Life for refugees who have fled their homes is extremely difficult, especially during a pandemic. The often overburdened social services of host countries are strained further by large refugee populations, giving rise to understandable resentment from citizens and local governments. Therefore, many host countries do not allow refugees to work in order to shield their populations from job competition. Refugees resort to informal work for low wages and without social protections.

Colombia has created a new model for managing its own refugee situation and perhaps others elsewhere.

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Colombia's approach—a medium-term solution that enables refugees to work legally and contribute to the tax base that funds social services—avoids the risk of political backlash that permanent integration is likely to incite. It also addresses the problem seen elsewhere of refugee communities remaining in limbo for decades. By granting refugees this reprieve to earn a livelihood, Colombia is promoting economic inclusion in the face of a persistent global problem, while buying time to seek long-term durable solutions.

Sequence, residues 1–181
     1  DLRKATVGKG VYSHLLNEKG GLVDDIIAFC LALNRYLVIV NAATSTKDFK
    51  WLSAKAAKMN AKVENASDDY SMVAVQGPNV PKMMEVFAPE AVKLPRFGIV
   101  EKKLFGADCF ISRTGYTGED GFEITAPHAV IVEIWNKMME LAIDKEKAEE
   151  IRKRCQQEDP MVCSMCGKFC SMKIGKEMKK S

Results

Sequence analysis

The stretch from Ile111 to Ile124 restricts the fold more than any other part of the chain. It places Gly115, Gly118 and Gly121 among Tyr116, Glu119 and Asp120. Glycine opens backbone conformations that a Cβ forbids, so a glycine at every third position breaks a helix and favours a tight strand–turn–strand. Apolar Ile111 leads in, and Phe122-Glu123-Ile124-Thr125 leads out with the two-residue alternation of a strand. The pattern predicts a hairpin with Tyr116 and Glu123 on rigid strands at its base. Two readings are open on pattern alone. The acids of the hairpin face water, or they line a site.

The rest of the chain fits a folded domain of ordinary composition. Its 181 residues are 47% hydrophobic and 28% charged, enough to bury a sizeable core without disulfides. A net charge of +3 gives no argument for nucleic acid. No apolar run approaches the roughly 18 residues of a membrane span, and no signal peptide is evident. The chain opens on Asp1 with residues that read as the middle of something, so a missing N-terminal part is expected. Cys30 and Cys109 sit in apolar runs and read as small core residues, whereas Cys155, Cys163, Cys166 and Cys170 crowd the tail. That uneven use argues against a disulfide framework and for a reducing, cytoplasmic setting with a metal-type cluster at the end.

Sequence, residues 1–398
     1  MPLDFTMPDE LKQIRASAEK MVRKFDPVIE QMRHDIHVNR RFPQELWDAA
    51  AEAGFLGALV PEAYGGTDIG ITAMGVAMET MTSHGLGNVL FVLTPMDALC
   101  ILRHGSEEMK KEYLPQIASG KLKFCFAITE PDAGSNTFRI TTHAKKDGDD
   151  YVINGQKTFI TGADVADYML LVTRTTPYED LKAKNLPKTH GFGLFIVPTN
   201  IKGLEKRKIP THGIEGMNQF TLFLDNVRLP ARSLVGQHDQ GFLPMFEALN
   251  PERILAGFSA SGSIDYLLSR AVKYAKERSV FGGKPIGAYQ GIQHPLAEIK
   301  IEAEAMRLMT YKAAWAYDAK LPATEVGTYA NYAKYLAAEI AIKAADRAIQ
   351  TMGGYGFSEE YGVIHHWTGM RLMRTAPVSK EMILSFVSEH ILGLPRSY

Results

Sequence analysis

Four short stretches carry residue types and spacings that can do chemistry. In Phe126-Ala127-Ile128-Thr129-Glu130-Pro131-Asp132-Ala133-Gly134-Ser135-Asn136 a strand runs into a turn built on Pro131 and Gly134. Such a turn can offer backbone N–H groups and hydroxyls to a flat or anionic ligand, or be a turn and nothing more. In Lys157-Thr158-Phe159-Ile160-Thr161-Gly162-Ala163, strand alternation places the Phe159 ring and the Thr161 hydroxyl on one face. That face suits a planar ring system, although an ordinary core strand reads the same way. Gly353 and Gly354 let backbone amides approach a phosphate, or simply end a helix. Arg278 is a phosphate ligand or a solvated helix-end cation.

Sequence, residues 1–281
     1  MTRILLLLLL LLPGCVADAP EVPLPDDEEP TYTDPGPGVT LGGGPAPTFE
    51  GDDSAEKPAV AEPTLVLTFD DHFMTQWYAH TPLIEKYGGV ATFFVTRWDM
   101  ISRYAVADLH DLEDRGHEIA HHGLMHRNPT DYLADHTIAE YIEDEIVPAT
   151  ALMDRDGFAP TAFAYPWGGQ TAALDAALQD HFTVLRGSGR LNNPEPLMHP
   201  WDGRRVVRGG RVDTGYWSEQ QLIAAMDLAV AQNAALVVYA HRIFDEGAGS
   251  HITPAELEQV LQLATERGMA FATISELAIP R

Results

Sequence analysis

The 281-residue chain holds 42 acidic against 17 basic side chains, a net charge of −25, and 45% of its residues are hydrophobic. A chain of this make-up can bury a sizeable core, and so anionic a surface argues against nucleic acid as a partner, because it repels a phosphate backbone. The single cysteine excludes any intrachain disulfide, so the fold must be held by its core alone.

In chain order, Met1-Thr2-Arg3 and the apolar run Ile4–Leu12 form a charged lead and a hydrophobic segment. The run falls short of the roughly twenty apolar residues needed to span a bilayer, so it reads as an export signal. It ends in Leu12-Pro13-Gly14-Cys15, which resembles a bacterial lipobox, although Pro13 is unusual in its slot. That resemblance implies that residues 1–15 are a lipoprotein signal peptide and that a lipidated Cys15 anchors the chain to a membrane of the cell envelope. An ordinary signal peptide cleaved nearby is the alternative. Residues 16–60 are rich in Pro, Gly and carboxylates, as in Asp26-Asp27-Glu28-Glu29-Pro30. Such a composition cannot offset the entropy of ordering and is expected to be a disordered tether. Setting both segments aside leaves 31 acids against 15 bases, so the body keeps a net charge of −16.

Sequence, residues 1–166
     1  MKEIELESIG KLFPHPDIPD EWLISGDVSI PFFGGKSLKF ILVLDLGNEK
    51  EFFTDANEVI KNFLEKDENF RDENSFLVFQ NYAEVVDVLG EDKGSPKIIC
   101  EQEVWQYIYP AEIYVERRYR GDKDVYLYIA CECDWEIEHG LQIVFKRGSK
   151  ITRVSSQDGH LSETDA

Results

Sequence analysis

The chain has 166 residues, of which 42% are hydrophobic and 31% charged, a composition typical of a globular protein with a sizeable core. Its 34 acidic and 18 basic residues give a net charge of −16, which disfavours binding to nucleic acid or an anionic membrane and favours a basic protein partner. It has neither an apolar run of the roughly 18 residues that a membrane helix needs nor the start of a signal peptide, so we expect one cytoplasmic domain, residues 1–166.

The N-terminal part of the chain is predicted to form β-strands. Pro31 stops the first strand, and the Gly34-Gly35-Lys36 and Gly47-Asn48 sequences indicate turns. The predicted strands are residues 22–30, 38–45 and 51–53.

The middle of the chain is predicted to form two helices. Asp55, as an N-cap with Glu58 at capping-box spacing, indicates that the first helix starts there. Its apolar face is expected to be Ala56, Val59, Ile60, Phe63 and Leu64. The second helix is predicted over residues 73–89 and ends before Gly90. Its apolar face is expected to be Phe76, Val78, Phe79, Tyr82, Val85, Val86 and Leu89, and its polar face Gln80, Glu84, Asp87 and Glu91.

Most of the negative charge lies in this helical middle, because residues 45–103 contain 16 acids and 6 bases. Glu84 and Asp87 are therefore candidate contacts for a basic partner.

Venezuelans are willing to do work Colombians do not want to do, providing a useful source of labor to coffee growers and other industries. We found such willingness to work among Syrian refugees in Jordan, Turkey, and Lebanon in our recent study.